Researching a family can be a rewarding experience, and lead to interesting and surprising finds. If you are new to genealogical research, watch the video below for an overview. Then, use the tools on these pages to dig deeper!
Resources, search tips, content highlights, blog posts and more in one single place. Free to all, one sign-up, no email, no library card needed.
A growing project with the goal of providing links worldwide. Search by country or region.
Libraries and archives that focus on genealogy can provide research tips and tricks in addition to information on your family tree. Additional research material can be found at local museums and historical societies.
Family History Centers are operated by The Church of Jesus Christ of Latter-day Saints (LDS Church) and are branches of the Family History Library in Salt Lake City Utah. The centers supply resources for research and study of genealogy and family history. Local Family History Centers can be found in Fremont, Oakland, Livermore, and Pleasanton.
The San Bruno facility has extensive microfilm holdings including: federal population censuses for all States, 1790-1920, passenger arrival records for the port of San Francisco, 1893-1957, and indexes to naturalization records from Federal courts in Honolulu, Reno, and San Francisco.
The Sutro Library is the largest genealogical library west of Salt Lake City. Their holdings contain materials from all over the United States, including more than 10,000 family histories, 40,000 state, regional, county, and town histories, vital records, 20,000 city directories, and 10,000 telephone books.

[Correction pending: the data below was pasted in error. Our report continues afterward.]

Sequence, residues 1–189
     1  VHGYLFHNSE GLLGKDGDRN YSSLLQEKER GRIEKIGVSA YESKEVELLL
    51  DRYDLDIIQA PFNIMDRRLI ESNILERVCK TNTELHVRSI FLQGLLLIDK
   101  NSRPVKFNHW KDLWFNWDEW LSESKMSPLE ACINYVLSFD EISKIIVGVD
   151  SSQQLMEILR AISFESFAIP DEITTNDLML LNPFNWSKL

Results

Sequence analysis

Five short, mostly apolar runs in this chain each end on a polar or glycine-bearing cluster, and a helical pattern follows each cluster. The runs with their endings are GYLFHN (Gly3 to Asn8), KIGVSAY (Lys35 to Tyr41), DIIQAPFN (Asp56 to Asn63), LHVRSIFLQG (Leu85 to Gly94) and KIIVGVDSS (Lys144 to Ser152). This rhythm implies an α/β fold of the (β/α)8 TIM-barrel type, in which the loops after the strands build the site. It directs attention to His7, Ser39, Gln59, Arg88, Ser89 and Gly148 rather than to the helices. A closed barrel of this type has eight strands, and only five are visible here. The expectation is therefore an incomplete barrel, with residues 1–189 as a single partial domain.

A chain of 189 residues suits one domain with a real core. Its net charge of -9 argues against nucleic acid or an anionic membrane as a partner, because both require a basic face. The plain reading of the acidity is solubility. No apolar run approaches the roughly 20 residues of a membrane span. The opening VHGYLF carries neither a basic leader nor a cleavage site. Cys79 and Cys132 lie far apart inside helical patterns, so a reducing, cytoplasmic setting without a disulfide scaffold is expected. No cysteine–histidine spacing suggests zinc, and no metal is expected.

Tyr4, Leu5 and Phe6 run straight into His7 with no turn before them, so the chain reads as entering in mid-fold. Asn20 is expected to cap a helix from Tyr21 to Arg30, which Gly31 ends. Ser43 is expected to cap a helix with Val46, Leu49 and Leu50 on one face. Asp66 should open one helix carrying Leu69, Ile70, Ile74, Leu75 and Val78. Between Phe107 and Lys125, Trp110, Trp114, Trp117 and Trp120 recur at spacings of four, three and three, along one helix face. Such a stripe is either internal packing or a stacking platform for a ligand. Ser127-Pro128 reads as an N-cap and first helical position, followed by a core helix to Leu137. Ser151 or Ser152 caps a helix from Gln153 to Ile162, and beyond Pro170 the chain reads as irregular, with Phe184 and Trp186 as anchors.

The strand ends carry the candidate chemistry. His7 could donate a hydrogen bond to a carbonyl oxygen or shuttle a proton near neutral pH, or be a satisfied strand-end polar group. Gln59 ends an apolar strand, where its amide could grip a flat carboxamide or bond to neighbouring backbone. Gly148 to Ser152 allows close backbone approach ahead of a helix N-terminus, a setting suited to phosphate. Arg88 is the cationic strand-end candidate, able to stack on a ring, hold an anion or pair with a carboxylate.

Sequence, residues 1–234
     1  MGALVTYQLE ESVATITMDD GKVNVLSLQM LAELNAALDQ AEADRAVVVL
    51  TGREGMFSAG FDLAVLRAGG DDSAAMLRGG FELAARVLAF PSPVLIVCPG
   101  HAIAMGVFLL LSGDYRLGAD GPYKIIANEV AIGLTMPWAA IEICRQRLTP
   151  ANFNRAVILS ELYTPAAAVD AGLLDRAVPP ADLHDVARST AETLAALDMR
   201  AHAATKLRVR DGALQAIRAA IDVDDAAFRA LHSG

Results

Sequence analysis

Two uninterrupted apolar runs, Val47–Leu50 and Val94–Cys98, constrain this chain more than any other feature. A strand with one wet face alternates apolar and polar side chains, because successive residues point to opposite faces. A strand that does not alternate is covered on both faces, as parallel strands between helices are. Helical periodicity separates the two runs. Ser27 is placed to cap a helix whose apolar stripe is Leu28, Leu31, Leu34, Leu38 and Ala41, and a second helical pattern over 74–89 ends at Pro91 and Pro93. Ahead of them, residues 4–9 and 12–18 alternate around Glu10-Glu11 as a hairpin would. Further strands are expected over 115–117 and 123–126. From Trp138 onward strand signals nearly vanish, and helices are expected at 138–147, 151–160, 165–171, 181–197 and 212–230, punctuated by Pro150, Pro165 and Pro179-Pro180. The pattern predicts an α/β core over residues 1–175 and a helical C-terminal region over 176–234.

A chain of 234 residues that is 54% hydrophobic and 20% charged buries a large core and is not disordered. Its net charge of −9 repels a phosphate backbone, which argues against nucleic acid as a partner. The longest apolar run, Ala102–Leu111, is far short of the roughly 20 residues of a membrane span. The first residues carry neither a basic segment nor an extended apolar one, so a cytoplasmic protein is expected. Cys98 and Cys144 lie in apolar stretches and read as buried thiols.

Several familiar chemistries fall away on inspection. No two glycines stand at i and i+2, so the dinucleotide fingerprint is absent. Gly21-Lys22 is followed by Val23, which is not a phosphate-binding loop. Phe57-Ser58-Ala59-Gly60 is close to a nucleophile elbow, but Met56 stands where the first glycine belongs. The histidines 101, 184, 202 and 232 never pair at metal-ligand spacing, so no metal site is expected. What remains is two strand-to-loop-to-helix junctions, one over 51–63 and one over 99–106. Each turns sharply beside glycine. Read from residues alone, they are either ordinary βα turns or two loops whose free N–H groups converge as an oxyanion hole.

Regional and National Institutions:
The California State Library houses a treasure trove of genealogical information including census data, obituaries, and portraits. Search the links on their California History Room page for specialized California genealogy resources.
The DAR Library collection contains nearly 40,000 family histories and genealogies comprise a major portion of the book collection, many of which are unique or available in only a few libraries in the country. The DAR Library is free and open to the public.
The Family History Library in Salt Lake City, Utah, is a premier genealogical research facility, with about 1.4 million rolls of microfilm on-site, along with over 600,000 books, serials, and maps. In addition, guests have free access to billions of additional record images online.
The Library of Congress than 50,000 genealogies and 100,000 local histories. The collections are especially strong in North American, British Isles, and German sources.
One of the largest genealogical libraries in the world. Open to the public for research use.
Genealogical societies can provide learning opportunities and the chance to meet people with expertise in the field. Many offer access to resources that might otherwise be difficult to find.
Bay Area Societies:
The AAGSNC was founded in 1996 with the goal of promoting interest in genealogy, biography, and related history of African Americans.